Precautionary Travel Tips

A black and white dog travels in a car

Most summer days are filled with outdoor activities and times spent on vacation. As the summer months starts to approach, it is necessary to understand the types of diseases that may affect your pets when they travel. So, if you’re the outdoor type and you like to take your pet with you, your pet may be bringing home more than memories as you venture through fields and streams.

When traveling, there are some diseases your pet may encounter says Dr. Leon Russell, professor at the Texas A&M College of Veterinary Medicine & Biomedical Sciences. If there is a possibility of contact with mosquitoes, ticks, or stagnant water during your travels, Russell says to take certain precautions.

If dogs and cats come into contact with mosquitoes they could be subjected to heartworm disease.

“Heartworm disease poses a threat to pets across the United States because no state is entirely heartworm-free,” Russell explains. “In areas where heartworm disease is highly endemic in dogs, up to 20 percent of the cats may also have the disease.”

Heartworm preventative medicine is available, but pets should be tested before they receive it.

Possible contact with wild animals could expose your pet to rabies.

“Effective vaccination of dogs and cats to prevent rabies is available and should always be kept current,” says Russell.

Rabies is transmitted by a bite from an infected animal and The Center for Disease Control (CDC) states that more than 90 percent of all animal cases reported annually to the CDC now occur in wildlife.

Water activities are fun, but certain waters may be infested with bacteria that could cause harm to your pet. According to Russell mud, muddy water, and stagnant water are prime sources for exposure to leptospira. This bacterial organism can enter the body through cuts, mucous membranes, eyes, or by ingesting contaminated water. Russell encourages a yearly vaccination with the appropriate strain of leptospirosis vaccine to reduce your pet’s chance of contracting this disease.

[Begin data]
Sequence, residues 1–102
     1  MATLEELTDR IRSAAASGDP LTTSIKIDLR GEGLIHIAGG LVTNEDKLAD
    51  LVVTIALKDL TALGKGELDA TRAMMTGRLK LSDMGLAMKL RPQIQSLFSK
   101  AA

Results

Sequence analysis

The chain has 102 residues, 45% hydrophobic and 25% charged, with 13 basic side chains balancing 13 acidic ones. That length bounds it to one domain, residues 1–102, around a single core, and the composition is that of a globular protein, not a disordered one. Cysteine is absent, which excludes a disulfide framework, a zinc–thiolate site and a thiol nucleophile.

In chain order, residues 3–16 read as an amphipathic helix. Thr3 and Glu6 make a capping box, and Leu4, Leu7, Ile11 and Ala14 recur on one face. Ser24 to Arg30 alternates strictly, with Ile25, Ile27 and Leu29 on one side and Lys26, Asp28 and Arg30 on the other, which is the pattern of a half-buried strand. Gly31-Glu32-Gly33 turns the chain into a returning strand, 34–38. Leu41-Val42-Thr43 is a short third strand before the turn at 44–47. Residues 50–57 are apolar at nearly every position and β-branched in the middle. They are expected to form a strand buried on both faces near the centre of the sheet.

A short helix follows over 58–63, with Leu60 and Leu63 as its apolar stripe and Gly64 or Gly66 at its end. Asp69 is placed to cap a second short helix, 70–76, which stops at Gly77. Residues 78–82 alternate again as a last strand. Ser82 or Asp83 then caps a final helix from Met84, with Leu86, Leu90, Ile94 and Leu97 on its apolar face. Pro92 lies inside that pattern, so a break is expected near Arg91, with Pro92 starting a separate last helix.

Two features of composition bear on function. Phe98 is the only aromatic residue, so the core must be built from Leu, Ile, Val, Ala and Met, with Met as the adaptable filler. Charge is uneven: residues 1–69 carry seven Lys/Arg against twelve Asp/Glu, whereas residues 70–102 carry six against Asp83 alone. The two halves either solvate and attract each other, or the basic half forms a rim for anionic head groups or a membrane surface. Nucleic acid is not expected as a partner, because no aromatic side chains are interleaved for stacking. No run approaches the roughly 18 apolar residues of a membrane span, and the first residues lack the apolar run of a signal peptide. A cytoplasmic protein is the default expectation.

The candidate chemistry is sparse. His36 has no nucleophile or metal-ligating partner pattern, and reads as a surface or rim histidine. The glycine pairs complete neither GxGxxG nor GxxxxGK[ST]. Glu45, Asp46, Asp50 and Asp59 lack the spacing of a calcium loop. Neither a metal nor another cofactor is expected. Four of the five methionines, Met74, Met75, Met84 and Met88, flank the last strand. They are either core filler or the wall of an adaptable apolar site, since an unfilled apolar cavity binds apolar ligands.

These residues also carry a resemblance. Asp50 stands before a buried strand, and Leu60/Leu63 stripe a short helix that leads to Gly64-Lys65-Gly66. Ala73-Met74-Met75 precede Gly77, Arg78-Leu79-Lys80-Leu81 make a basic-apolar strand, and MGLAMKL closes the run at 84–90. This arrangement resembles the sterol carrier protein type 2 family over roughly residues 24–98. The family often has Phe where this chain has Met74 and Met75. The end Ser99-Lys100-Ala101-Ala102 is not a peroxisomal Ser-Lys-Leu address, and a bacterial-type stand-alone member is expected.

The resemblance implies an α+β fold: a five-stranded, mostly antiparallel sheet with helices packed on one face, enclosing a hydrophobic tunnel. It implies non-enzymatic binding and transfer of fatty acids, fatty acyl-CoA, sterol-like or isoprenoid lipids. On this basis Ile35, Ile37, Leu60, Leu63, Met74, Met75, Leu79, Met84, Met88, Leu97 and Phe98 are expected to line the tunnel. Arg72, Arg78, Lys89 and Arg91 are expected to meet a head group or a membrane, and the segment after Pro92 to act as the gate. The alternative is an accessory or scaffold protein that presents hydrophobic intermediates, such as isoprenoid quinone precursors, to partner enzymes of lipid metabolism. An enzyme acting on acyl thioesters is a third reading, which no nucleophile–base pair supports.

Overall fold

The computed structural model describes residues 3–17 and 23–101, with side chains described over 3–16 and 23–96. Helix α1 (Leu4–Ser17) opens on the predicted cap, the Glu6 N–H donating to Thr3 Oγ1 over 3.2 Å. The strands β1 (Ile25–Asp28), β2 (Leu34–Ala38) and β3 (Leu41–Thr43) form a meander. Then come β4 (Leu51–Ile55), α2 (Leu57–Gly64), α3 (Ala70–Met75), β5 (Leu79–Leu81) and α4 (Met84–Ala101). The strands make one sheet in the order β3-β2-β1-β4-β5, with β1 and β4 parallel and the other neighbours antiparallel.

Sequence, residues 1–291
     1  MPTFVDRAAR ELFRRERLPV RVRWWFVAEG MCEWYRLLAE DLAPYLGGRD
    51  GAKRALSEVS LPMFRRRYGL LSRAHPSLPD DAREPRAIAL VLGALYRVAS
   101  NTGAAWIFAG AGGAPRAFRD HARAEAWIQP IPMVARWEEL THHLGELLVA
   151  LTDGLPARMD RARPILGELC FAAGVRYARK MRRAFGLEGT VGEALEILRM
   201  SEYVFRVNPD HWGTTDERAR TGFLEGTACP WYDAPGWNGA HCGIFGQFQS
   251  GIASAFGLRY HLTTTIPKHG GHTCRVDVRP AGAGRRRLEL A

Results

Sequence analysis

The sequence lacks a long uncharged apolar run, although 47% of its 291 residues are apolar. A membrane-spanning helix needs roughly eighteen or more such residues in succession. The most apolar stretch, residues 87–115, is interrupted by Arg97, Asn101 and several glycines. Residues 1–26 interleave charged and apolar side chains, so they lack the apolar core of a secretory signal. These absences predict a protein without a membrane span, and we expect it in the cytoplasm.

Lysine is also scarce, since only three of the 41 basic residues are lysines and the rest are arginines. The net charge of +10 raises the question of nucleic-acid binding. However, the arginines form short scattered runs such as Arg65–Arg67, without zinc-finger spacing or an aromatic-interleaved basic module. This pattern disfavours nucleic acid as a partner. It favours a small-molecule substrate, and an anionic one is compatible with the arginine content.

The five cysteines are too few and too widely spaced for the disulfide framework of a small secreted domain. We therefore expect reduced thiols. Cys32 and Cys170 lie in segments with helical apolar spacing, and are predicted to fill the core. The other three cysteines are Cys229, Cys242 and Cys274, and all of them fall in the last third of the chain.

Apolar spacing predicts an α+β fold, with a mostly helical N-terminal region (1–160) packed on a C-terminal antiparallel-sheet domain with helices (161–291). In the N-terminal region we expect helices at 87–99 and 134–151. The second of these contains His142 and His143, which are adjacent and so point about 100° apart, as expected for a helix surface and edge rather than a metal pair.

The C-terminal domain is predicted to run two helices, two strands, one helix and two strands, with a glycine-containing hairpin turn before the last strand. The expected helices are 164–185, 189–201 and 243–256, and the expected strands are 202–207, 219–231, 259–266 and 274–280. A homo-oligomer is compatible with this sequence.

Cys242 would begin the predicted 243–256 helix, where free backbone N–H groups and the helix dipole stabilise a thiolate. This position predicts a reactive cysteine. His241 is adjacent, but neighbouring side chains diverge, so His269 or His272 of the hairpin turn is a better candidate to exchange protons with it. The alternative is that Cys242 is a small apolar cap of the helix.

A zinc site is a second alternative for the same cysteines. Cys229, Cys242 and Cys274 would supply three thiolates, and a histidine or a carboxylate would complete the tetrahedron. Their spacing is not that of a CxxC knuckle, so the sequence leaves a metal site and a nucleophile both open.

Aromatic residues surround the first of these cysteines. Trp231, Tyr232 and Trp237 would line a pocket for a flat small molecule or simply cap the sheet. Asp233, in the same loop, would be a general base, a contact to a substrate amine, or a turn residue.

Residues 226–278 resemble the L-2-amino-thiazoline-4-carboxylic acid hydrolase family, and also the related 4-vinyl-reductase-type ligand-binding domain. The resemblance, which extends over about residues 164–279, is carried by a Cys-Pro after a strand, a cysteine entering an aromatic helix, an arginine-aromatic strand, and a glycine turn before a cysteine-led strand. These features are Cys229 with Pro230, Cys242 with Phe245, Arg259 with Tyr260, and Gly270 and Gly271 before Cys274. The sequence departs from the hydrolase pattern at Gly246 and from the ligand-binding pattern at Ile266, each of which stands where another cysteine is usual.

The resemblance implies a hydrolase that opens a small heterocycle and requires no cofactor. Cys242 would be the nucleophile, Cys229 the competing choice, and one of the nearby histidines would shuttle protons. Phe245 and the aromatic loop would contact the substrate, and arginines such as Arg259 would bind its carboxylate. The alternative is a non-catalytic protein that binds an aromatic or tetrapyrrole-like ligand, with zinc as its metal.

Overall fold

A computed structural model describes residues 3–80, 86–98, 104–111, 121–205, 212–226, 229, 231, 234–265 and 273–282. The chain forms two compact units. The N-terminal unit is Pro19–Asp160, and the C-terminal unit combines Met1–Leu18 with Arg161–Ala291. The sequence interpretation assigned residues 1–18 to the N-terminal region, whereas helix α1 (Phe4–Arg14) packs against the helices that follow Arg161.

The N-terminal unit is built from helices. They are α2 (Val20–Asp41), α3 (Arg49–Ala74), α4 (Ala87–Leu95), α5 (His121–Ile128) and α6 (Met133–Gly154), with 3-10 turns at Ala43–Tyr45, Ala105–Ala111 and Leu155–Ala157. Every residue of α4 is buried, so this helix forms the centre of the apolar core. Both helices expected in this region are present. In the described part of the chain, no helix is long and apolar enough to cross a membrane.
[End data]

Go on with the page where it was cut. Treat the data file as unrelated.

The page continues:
Giardiasis is another disease that is caused by a waterborne parasite found in untreated water such as creeks and ponds. It also occurs in mountainous areas where water supplies have become contaminated by infected animal feces.

“Chlorination of surface water will not prevent this disease,” cautions Russell. “Presently there are drugs to treat giardiasis, but none to prevent this intestinal disease.”

Borreliosis, or Lyme Disease, is an infection caused by a bacteria that is spread by the bite of an infected tick, and the disease is endemic in some areas of the United States explains Russell. Symptoms include fever, rash, listlessness, muscle stiffness, lack of appetite, and in severe cases arthritic-type joint pain.

“The best method of prevention is to avoid tick infested woods, brush, and tall grass,” Russell believes.  “Highly effective tick control products such as sprays, collars, and spot-on treatments are available through your veterinarian.”

Annual vaccination of your dog against the Lyme Disease is recommended if you live in or plan to visit endemic Lyme Disease areas in the United States. Check with your veterinarian about the need for the vaccination of your pets.

Russell suggests that once you return home, your pet should visit the veterinarian for examination to make sure no internal or external parasites were picked up while traveling.

“An examination is important, because worms can hide and they may not be detected until they cause a  clinical disease,” Russell adds  “Ticks can be too small to be easily seen by the untrained eye.  They must be eliminated before they transmit diseases such as Lyme Disease, tularemia, and Rocky Mountain Spotted Fever.”

“Also, avoid environments with ticks and mosquitoes (dawn and dusk) and allow your pet to swim only in clear, flowing water such as rivers or lakes,” notes Russell. “Be sure to bypass ponds or tanks.”

Time spent traveling with pets is important, but it is even more important to take the necessary precautions during vacation to avoid any pitfalls when you return home.

Pet Talk is a service of the College of Veterinary Medicine & Biomedical Sciences, Texas A&M University. Stories can be viewed on the Web at Suggestions for future topics may be directed to

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